Up From The Ashes
From Rebuilding Civil Society. A Symposium from: The New Democrat, volume 7, number 2 March/April 1995.
Nehemiah Plan Homes
Public housing in New York City was filling up rapidly in the early 1980s, in part with thousands of working families for whom home ownership was a costly, distant dream. Meanwhile, large tracts in Brooklyn and the South Bronx, abandoned by the middle class in the 1970s, lay in ruins. The streets and sewers in these rubble-strewn areas remained intact, however, providing a solid foundation on which to rebuild.
Some 15 years later, the Nehemiah Plan Homes has constructed more than 2,800 low-cost homes in these ravaged areas once synonymous with urban decay. Single-family brick rowhouses-some 60 percent of whose owners come directly from public housing-now occupy lots that, in many cases, were either seized for nonpayment of taxes or simply abandoned.
The Nehemiah project (named after the Old Testament prophet who led the rebuilding of Jerusalem in the 5th century B.C.) is the brainchild of New York developer I.D. Robbins, who by 1980 had retired as a builder and was writing a column for The Daily News. Robbins that year persuaded the tabloid's editor-in-chief to run a five-page section illustrating his own prototype for affordable housing and explaining how it could be inexpensively built.
The newspaper received a record 3,000 letters in response, including one from the nonprofit Industrial Areas Foundation expressing an interest in sponsoring Robbins's plan. It offered a no-interest, five-year loan from a local affiliate, East Brooklyn Churches, to finance construction.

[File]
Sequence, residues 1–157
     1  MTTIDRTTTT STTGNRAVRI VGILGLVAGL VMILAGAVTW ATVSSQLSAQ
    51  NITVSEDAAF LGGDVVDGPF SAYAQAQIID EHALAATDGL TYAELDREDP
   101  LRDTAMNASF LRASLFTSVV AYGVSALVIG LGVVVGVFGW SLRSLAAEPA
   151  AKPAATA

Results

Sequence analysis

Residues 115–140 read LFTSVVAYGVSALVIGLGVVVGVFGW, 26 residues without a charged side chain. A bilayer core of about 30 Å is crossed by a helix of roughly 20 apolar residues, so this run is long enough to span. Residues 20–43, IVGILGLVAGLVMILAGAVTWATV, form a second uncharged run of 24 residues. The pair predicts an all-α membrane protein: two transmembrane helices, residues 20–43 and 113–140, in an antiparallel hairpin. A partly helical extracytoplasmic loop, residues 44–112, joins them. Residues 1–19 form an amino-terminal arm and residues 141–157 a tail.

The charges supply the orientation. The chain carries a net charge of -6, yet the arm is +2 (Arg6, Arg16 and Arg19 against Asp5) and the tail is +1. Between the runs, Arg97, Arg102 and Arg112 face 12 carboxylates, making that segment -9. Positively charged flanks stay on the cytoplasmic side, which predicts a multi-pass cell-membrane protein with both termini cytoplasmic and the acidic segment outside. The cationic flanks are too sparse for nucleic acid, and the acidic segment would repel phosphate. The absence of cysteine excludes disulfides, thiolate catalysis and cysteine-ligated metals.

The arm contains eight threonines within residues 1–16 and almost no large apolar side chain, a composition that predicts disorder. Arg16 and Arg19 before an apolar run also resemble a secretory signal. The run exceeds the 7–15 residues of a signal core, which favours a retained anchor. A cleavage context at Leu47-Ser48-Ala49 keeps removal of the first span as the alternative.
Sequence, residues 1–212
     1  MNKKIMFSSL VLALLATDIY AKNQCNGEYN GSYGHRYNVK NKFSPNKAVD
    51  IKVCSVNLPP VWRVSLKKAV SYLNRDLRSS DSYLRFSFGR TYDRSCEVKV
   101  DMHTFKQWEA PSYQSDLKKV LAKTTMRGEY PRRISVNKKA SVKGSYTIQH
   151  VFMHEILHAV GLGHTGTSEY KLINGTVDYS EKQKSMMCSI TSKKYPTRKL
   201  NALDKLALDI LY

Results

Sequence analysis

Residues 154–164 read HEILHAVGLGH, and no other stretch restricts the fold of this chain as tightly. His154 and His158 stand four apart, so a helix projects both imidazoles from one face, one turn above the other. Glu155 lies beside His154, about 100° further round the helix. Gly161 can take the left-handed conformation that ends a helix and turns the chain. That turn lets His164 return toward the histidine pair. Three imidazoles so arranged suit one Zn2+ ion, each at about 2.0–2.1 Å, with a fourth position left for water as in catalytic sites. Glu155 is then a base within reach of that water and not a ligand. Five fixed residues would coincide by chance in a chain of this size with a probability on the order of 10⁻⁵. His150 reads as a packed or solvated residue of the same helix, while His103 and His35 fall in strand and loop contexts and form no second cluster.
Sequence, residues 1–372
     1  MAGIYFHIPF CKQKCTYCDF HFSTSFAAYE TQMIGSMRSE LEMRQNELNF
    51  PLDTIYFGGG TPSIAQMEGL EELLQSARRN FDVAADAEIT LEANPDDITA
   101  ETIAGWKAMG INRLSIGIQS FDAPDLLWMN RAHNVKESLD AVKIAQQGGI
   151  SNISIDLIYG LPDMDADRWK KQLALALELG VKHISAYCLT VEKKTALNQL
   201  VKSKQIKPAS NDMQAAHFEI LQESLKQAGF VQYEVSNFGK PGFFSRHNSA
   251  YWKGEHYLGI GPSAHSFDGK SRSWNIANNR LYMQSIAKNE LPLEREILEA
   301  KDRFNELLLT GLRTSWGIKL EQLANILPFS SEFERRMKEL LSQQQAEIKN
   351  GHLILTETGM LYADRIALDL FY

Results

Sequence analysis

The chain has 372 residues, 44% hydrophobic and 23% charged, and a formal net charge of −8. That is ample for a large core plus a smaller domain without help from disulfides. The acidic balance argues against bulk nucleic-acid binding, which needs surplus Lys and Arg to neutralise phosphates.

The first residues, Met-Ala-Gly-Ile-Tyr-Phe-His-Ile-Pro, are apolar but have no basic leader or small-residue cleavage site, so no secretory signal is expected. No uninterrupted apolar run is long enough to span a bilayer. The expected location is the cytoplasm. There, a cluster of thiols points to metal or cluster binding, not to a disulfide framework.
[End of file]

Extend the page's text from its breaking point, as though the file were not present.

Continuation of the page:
By 1983, Robbins had begun building two-story rowhouses, most of them on lots seized by the city. Buyers purchase the lots for $1 and the homes for about $60,000. A key component in financing the purchases is a one-time, interest-free loan from the city of between $10,000 and $15,000, which buyers must repay first upon reselling the property. These "capital grants" reduce the size of each mortgage, so that families earning just $20,000 annually can buy homes with down payments of about $5,000. To finance the balance, the State of New York Mortgage Agency arranges first-time mortgage loans at below-market rates.
The churches have recovered their entire initial investment of $8 million, along with a surplus for additional construction. And, Robbins said, "We've had not one single default." Moreover, the program as a whole has freed up desperately needed space in public housing and allowed the city to resume collecting taxes on previously vacant lots.
Based on Robbins's firm belief that piecemeal urban rehabilitation generally yields little over time- neighborhoods are declining and individual properties require continuous upkeep-Nehemiah Plan Homes are built on contiguous parcels of land, hundreds at a time, to save construction costs and foster a sense of unity.
"These were some of the worst neighborhoods in America. Some were scenes of total devastation," Robbins said. "The streets, the sewers, libraries, and churches were all there, but there weren't any people. We put the people back."
"And when you put a couple of thousand families in a neighborhood who work and take care of their kids," he added, "then you've made a basic change for the better and given hope to people who did not have much hope before."
Sarah Jackson-Han is an editor of The New Democrat
South Bronx Nehemiah
817-C Trinity Ave.
Bronx, N.Y. 10456.
Also see East Brooklyn Congregations Build Nehemiah Homes
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